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Pedestrian safety tips

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EUREKA- A skateboarder was injured after he was struck by a motorist in Eureka on Tuesday.  Now, the Eureka Police Department is urging pedestrians and drivers to follow certain steps to stay as safe as possible. 

In 2014, there were at least 30 collisions involving pedestrians in Eureka, with two fatalities.  So far this year, one pedestrian has died.  Police say the skateboarder who was injured at the intersection of 6th Street and E Street on Tuesday was at fault.

"He went ahead and entered the intersection on a 'don't walk' signal and the vehicle heading westbound on 6th had a green light and they ended up making contact with each other," said Officer Dave Chapman, the Traffic Officer with the Eureka Police Department.

Other motorists say they’ve had close calls with skateboarders.

"Just going against traffic and just darting in front of you," said John Thomas, who regularly drives through Eureka. 

Drivers say they’ve had similar experiences with pedestrians as well.

"It's happened to me a lot of times where pedestrians don't look to see if a car is coming.  And I think, well, it's a good thing I saw them.  But they don't look.  They go, 'I'll be seen,' and they just start walking," said Lisa Landis, who drives in Eureka multiple times per week.

"They just walk out in front of you," said Christina Ward, who commutes to Eureka from Arcata.

Now, officials with the Eureka Police Department are urging pedestrians to follow these steps.

"Before stepping out in the roadway, look at the conditions, depending on if it's sunny out, look down the roadway.  There may be vehicles coming toward them that are slower and there may be vehicles approaching those slower vehicles from the rear and in an empty lane and they're driving in excess of the speed limit.  They need to take into account all lanes of traffic that they're crossing," Officer Chapman said.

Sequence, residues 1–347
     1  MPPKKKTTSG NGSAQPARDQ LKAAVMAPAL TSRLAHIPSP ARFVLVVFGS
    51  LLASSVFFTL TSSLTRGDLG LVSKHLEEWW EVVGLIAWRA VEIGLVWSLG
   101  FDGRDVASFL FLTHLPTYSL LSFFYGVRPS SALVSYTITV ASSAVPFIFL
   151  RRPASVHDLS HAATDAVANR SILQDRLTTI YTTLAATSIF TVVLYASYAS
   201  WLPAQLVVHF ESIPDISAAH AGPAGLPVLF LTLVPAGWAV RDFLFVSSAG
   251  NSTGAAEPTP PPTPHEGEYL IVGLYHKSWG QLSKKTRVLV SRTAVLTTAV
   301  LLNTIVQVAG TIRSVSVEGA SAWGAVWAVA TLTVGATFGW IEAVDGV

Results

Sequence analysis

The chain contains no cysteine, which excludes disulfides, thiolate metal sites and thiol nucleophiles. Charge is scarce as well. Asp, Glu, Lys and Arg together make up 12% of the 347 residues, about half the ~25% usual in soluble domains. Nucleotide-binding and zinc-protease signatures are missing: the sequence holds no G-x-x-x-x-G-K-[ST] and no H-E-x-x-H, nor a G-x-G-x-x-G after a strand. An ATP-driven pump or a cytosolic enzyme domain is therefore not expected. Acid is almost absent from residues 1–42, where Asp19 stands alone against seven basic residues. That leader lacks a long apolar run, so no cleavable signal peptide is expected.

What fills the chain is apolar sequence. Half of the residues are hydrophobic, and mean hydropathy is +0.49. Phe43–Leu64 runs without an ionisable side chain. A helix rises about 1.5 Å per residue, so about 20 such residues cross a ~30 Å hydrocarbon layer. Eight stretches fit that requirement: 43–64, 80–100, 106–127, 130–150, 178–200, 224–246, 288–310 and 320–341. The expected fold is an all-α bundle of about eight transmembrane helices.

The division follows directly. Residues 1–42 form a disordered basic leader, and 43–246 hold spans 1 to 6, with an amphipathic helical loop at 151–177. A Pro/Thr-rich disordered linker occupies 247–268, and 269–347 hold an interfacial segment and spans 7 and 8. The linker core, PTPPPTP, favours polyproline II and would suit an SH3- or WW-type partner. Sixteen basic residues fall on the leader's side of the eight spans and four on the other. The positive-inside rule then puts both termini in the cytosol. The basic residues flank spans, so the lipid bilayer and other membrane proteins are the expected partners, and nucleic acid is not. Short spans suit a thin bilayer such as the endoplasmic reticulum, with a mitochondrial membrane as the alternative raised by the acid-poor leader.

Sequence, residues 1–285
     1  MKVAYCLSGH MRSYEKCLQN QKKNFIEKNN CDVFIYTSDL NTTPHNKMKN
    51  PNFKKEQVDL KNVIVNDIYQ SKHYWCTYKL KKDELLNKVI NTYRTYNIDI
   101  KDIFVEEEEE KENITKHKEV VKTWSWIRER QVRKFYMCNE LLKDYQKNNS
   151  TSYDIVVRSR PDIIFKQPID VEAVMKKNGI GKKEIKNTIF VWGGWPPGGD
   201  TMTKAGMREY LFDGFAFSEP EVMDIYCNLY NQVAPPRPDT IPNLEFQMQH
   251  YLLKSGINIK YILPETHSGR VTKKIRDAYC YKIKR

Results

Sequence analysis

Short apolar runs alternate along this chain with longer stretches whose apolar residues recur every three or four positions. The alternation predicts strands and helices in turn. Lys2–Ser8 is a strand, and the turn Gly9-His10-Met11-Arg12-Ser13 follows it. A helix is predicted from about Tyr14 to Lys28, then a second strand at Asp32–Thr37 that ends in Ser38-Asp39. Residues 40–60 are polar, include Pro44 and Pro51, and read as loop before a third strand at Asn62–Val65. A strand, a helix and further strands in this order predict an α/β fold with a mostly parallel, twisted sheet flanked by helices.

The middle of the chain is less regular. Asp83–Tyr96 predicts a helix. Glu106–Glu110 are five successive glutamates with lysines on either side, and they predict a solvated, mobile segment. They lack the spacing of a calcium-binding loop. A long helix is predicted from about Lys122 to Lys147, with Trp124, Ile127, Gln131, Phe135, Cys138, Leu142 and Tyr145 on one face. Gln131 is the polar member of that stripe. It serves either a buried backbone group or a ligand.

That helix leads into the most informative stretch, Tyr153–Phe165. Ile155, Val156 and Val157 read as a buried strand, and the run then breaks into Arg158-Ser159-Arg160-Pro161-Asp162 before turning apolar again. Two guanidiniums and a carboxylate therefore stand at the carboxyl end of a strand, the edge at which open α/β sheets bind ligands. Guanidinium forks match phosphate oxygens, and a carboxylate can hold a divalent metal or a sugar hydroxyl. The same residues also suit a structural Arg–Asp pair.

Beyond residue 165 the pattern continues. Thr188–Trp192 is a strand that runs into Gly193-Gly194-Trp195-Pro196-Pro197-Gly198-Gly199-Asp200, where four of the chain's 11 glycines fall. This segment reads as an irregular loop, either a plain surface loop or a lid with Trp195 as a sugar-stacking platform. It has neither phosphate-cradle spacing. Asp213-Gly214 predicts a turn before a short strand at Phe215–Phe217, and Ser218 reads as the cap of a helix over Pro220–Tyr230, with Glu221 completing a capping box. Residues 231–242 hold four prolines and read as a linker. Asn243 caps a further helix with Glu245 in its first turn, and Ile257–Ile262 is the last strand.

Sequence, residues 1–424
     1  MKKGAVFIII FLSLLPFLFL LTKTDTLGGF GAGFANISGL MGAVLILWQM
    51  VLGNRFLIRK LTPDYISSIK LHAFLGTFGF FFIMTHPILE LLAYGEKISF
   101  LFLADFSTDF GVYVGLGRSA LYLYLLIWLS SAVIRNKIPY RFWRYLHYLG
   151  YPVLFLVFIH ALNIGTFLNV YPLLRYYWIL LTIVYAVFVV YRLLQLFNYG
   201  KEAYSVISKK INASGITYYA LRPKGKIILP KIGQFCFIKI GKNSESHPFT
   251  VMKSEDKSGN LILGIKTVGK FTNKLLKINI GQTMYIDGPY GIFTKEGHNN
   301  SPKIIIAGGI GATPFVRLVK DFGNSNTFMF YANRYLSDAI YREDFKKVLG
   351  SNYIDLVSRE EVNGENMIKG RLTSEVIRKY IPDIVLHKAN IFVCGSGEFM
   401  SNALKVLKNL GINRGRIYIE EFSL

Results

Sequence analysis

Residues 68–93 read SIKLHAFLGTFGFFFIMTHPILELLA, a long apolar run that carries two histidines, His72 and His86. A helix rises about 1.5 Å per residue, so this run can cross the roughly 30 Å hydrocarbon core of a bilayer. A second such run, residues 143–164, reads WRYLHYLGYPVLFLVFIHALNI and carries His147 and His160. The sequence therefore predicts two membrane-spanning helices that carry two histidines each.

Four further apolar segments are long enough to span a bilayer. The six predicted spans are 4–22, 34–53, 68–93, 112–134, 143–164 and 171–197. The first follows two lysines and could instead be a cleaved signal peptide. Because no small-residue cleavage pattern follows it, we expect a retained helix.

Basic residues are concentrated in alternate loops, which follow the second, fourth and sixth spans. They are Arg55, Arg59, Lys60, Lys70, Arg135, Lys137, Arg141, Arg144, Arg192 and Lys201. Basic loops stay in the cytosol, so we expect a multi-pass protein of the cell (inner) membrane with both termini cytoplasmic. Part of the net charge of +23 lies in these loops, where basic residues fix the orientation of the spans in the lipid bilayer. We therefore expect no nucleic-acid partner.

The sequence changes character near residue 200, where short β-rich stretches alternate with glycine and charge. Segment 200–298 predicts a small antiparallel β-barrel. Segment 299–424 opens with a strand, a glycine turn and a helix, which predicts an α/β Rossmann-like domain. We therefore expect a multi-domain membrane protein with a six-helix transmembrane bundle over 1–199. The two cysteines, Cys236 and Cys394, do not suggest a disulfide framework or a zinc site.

Something some pedestrians say they regularly do.

"When I'm a pedestrian, I typically stop and look for cars coming both ways and if there's somebody coming, I'll wait, if they're far enough away, I'll cross, but I'm very aware," said Esther Marshall, who works in Eureka.

Officers say to use crosswalks when they’re available and pay attention to road signs and signals.

"If everybody follows the signs and signage and traffic control signals, then everyone has a better chance of getting to their destination safely, when they don't, we have these collisions, people get hurt and they get sent to the hospital," said Officer Chapman.

EPD officials say motorists should follow this recommendation.

"Drive the speed limit.  That's all I recommend, and then your reaction time will increase, perception and reaction time, and you'll be able to break if you have to for anyone who is crossing legally or crossing illegally," Officer Chapman said.

The Office of Traffic Safety reports Eureka had the second most pedestrian collisions for a city of its size in 2012.